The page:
Get ready to WALK A BLOCK for Juvenile Scleroderma in your neighborhood May 1 – 7!

What is WALK A BLOCK for Juvenile Scleroderma?
An awareness building and fundraising event that will assist the Juvenile Scleroderma Network in carrying out its mission. The WALK A BLOCK is not necessarily about a mile, a lap, or a distance, but about our cause...Juvenile Scleroderma!

Who Can Participate?
The walk is structured for anyone to participate no matter where they are located. Teams are encouraged to walk together to fight Juvenile Scleroderma. Become a team leader by arranging a community or company walking team of family, friends, co-workers, and neighbors. Encourage other to help us fight Juvenile Scleroderma. Join now and partner with us as we WALK A BLOCK, push strollers, peddle tricycles, make some noise, gather pledges, and some fun! When you walk, be sure to bring along plenty of pamphlets or information about Juvenile Scleroderma, and pass it out as you go!

Here’s How It Works:
Collect pledges from family, friends, neighbors, school, and work associates. Complete the pledge form. You arrange a time and place to walk. You decide how many blocks to walk. It can be outdoor or indoor. Want to be part of the WALK A BLOCK without actually walking? Become a VIRTUAL WALKER! You can still support the Juvenile Scleroderma Network by gathering pledges as a WALK A BLOCK “VIRTUAL WALKER.” Use our pledge form to gather pledges in your community. It’s that simple!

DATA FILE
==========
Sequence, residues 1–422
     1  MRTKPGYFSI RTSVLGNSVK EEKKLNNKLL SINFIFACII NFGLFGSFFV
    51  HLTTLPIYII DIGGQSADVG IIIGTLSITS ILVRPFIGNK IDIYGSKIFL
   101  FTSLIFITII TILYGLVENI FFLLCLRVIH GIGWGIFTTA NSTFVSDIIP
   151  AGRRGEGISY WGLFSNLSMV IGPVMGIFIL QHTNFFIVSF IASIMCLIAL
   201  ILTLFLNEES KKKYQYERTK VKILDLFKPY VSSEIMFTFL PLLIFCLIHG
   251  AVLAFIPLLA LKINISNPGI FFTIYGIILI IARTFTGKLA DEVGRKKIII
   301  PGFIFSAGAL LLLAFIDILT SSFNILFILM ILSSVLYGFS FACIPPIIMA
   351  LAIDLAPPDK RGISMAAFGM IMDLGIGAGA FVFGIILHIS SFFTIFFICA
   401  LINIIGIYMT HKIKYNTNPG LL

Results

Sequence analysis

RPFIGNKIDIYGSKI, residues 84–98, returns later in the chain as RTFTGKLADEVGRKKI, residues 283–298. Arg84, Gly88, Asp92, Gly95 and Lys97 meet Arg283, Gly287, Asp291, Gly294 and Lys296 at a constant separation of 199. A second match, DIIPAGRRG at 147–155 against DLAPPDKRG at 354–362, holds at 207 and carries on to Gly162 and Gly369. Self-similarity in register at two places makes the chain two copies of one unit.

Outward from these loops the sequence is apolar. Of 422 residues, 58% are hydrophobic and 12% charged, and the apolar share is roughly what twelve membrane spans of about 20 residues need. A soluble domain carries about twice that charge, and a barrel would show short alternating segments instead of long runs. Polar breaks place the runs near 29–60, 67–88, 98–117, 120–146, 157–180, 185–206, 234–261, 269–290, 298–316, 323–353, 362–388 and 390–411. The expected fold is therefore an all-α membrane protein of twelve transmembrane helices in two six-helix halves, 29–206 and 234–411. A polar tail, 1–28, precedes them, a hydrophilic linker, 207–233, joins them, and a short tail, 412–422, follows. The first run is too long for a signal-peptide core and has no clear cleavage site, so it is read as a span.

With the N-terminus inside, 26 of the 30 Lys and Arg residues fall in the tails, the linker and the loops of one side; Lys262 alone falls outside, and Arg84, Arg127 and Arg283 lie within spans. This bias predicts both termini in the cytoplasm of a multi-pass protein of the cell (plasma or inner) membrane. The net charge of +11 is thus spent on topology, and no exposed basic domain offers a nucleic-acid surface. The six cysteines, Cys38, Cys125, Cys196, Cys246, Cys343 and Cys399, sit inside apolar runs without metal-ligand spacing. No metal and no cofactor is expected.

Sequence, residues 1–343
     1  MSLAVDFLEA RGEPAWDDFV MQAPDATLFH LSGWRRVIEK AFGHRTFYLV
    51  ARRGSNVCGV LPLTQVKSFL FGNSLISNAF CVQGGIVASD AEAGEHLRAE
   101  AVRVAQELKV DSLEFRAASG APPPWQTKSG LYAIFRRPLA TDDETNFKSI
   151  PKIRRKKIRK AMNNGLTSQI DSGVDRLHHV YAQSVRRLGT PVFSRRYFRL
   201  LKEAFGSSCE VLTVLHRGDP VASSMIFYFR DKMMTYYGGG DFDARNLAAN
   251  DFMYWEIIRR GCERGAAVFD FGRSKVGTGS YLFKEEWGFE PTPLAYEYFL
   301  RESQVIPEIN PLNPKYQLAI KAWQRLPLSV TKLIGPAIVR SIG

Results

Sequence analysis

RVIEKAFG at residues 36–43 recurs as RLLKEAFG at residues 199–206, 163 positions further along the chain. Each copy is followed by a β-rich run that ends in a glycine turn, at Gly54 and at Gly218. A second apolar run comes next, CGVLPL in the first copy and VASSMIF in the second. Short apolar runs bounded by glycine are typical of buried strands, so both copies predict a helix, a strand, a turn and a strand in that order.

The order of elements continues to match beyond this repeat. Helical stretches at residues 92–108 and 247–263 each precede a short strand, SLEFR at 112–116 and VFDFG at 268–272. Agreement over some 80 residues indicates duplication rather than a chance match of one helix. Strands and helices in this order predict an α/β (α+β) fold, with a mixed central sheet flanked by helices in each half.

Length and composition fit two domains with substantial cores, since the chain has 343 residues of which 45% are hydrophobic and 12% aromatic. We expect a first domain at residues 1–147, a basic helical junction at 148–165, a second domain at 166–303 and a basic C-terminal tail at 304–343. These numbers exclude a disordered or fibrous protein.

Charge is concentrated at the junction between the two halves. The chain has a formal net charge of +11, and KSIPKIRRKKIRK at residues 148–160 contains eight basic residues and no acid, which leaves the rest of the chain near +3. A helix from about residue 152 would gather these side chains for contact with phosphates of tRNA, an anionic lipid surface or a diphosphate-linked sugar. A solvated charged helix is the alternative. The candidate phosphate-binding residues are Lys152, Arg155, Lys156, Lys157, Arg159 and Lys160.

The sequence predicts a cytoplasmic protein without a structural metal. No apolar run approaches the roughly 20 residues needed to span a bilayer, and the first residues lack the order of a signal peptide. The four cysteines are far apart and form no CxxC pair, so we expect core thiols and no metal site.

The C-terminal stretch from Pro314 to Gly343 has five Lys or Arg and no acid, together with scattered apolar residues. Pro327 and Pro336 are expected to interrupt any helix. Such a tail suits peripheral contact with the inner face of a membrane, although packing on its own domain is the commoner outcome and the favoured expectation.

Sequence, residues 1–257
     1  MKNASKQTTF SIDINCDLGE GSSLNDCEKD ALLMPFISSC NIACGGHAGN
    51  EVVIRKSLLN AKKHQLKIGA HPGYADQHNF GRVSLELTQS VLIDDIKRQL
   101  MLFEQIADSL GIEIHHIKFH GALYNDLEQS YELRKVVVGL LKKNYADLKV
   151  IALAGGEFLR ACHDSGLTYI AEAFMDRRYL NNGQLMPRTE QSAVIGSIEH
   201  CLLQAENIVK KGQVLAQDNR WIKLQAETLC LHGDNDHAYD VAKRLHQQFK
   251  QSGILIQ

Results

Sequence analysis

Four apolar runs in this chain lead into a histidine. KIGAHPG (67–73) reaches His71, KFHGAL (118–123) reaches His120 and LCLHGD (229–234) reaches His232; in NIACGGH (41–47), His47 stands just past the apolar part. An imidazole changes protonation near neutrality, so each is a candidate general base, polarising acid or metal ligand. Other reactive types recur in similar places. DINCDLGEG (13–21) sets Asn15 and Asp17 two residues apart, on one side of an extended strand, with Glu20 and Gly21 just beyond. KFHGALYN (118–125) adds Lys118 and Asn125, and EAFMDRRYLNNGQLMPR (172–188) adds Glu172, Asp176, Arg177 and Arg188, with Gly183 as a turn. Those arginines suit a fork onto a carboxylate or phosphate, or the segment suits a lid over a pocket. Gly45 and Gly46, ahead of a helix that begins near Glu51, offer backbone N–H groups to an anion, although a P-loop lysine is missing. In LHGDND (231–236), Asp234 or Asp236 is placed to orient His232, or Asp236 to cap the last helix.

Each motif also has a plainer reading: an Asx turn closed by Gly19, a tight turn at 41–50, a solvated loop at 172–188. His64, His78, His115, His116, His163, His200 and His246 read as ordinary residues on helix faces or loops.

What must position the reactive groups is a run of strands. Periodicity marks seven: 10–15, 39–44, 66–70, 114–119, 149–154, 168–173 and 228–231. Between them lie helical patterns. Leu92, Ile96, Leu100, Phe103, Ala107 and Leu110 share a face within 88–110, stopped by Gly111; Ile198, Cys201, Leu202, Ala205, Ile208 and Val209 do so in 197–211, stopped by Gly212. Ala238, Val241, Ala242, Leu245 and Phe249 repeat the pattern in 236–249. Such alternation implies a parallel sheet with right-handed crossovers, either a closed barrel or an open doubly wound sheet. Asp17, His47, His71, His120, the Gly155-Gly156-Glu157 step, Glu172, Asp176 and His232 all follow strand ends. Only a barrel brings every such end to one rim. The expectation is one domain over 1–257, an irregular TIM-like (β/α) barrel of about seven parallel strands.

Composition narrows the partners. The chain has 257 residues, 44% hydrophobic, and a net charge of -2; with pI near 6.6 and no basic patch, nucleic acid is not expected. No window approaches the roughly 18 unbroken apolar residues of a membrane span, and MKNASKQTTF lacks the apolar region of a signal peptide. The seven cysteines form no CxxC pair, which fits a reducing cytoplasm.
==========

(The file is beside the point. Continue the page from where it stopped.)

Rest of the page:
Fast Facts:
Juvenile Scleroderma is a connective tissue disease involving skin, blood vessels and the immune system. In it’s systemic form, internal organ involvement can occur.

Approximately there are between 5000 to 7000 kids with a form of Juvenile Scleroderma.

Symptoms vary according to each child. Treatment must be tailored to each child.

There are six types of Juvenile Scleroderma:

1. Morphea: patches of thickened, waxy, ivory, or yellow-white shiny lesions.
2. Linear: thickened skin is in the pattern of a line down an arm or leg. Pigment changes both dark and patchy areas of lighter skin. It can interfere with the growth of the limb due to atrophy.
3. Generalized: the lesion are a combination of morphea and linear, and involve almost the entire skin.
4. En Coupe De Sabre: indentation on the forehead or the frontal hairline.
5. Limited: late internal organ involvement if any. Also, known as CREST.
6. Diffuse: generalized skin involvement and early internal organ involvement.

Get the whole country walking for the cause. Encourage your family, friends, co-workers, and neighbors to join us May 1 – 7th for Juvenile Scleroderma Awareness Week and WALK A BLOCK for Juvenile Scleroderma in your neighborhood!

We view this as a mighty cause in which to invest and partake. We need your support!

Because…Kids Get Scleroderma, Too!!!

For a printable version of this document, click here.

For more information on Juvenile Scleroderma, contact:

Juvenile Scleroderma Network, Inc.
1204 W. 13th Street, San Pedro, CA 90731

Tel: (310)519-9511 (Pacific Time)
24 Hour Support Line: 1-866-338-5892 (toll-free)

Speak to another JSD parent for emotional and logistical support provided by home-based JSD volunteers. For medical advice, please contact your child's physician.

Non-Medical Questions or Comments? Click Here
Medical Questions? The Doctor's In: Q & A

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